Saturday morning, we had a porch party. Just the two of us.

We rocked and drank coffee and laughed about getting older.

Then we went to the square in my little town, Monroe, Georgia, and visited my favorite shop, a children’s bookstore called The Story Shop.

This place is all the best moments of childhood made over~~

 

Surrounded by so much creativity, I knew exactly what Robin was  feeling because I felt it too~~

The magic of the moment. 

Later that day, we dove deep into conversation and talked about the things you share with your closest friends~~

But we didn’t dwell there, in Worry Land. Not this time.

Maybe because we didn’t want to spoil the magic of the moment. 

“Wow, I said, “We let go of our concerns in a hurry, didn’t we?”

“Yep. Record time, for us.” She paused. “Maybe the secret to life is celebrating each tiny moment with all your heart–which doesn’t leave room for worry.”

“And all we have is one tiny moment at a time,” I said.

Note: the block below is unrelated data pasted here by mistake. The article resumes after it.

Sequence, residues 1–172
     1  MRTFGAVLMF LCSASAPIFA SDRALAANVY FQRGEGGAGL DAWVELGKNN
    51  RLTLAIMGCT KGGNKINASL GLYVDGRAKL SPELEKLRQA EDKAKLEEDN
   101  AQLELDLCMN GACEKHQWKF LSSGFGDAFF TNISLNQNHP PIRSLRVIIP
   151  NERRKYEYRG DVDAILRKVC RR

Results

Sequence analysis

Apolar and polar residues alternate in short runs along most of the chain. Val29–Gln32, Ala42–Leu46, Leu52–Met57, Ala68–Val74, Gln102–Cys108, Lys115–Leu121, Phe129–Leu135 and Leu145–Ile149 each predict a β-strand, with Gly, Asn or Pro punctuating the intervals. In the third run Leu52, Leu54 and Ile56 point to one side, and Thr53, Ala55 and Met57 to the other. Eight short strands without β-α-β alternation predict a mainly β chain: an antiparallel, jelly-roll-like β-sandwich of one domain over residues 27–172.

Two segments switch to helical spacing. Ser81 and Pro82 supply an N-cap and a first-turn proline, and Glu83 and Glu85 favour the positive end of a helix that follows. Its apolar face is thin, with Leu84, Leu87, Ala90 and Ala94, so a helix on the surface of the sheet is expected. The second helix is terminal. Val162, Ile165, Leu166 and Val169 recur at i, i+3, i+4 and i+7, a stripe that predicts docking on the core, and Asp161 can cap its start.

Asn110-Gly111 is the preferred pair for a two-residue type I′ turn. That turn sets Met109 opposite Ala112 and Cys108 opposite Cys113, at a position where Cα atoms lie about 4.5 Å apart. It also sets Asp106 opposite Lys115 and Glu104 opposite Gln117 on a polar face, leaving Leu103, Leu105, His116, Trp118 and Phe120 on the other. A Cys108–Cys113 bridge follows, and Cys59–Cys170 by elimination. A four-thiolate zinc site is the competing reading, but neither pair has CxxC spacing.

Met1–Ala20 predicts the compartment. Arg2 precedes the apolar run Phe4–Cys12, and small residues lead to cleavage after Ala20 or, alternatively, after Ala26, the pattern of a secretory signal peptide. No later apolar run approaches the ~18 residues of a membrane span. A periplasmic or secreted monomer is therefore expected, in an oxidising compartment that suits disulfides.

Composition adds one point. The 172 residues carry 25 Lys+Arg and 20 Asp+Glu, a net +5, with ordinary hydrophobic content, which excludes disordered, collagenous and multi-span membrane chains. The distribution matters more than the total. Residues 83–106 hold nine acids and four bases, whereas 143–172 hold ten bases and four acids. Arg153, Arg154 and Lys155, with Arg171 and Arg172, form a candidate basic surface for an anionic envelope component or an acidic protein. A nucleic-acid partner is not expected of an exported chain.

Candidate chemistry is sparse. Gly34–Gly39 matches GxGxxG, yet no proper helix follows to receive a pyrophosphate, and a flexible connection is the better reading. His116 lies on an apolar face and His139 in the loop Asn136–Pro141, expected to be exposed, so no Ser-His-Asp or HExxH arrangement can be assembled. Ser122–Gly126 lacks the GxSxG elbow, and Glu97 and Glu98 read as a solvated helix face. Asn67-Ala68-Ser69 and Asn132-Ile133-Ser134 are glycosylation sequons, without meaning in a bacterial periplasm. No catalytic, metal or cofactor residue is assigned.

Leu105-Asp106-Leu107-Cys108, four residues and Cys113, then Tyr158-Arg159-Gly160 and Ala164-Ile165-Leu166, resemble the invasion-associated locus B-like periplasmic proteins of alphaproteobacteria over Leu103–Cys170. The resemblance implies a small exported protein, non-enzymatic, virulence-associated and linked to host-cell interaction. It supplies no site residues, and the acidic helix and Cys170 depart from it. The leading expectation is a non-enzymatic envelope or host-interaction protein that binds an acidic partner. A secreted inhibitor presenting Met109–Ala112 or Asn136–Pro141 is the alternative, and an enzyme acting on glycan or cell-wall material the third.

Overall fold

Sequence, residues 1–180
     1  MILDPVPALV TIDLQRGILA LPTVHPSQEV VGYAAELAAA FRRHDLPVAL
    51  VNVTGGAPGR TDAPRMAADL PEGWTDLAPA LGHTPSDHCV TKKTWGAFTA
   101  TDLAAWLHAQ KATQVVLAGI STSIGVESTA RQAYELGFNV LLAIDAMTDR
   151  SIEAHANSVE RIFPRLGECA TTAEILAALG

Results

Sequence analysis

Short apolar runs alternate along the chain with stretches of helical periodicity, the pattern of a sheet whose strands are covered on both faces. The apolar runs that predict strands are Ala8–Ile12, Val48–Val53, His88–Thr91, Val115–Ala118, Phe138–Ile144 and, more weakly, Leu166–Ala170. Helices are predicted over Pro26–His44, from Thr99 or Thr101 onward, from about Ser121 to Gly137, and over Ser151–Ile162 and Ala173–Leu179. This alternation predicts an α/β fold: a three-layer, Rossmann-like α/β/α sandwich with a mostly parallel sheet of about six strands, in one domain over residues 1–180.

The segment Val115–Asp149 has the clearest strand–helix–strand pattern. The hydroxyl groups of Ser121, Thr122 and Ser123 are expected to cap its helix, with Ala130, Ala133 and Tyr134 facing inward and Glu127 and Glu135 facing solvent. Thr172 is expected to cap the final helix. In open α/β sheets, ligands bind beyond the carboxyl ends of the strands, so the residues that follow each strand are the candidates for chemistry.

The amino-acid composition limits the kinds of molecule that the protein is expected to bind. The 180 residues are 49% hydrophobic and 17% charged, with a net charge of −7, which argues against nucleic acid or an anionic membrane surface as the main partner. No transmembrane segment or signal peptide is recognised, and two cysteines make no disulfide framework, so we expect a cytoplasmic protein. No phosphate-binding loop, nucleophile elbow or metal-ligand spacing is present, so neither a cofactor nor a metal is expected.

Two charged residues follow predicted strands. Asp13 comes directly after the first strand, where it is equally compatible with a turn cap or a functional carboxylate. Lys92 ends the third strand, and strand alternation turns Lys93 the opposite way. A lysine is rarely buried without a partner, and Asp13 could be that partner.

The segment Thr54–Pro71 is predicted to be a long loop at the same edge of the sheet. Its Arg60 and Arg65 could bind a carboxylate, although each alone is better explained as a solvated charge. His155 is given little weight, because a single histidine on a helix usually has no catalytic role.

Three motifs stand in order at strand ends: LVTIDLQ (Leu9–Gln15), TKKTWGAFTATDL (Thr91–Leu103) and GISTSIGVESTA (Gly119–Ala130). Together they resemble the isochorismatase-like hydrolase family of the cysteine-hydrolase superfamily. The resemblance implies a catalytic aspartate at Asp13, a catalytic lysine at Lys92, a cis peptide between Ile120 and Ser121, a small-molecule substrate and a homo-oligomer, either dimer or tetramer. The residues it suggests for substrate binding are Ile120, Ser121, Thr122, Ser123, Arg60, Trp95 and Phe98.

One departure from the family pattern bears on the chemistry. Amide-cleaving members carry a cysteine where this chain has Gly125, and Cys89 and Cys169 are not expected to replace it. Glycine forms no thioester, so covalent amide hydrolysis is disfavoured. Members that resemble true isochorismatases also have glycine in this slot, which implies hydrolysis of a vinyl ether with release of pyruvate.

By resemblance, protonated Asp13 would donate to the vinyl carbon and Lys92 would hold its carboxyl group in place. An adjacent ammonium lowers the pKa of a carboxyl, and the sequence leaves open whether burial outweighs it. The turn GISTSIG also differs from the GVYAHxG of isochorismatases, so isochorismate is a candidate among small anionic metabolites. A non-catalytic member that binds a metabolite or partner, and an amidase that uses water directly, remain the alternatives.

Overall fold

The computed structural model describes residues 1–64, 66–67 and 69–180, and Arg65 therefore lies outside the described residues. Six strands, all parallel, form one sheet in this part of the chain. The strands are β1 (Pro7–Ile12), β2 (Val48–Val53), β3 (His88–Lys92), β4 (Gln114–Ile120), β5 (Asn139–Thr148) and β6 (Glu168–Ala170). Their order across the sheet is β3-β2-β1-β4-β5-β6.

Then Robin handed me the secret~~

“Maybe this is how God intends for us to live. One tiny moment at a time.” Click to tweet

“Give your entire attention to what God is doing right now, and don’t get worked up about what may or may not happen tomorrow.” Matthew 6:34 MSG

What tiny moments are you celebrating today? 

P.S. Robin has an amazing blog, All Things Heart and Home. You’ll love it! I promise!

Love,

Julie

 

My Grandmother’s Secret

For the past few weeks, my heart’s been all over the place.

Thomas, our youngest child, is getting married on May 19th. He’s 25. I love Brittany, his bride-to-be. He’s ready to get married. They both are.

But I was afraid of how I’d feel at their wedding.

Afraid of all the love bumping around in my heart. 

Love and letting go were tightly intertwined. 

How could I handle both emotions at the same time?

How do you love and let go?  

A few days ago, I picked up my dress for the wedding and stopped by Mother’s house to show it to her. She ran her hands lightly over the pastel chiffon.

Stepping into the dress, I slipped it over my shoulders. The dress magnified what I was feeling.

The flurry of time.

Seasons changing.

“This brings back the memories, doesn’t it?” Mother said. “Your prom dresses. Your wedding dress.”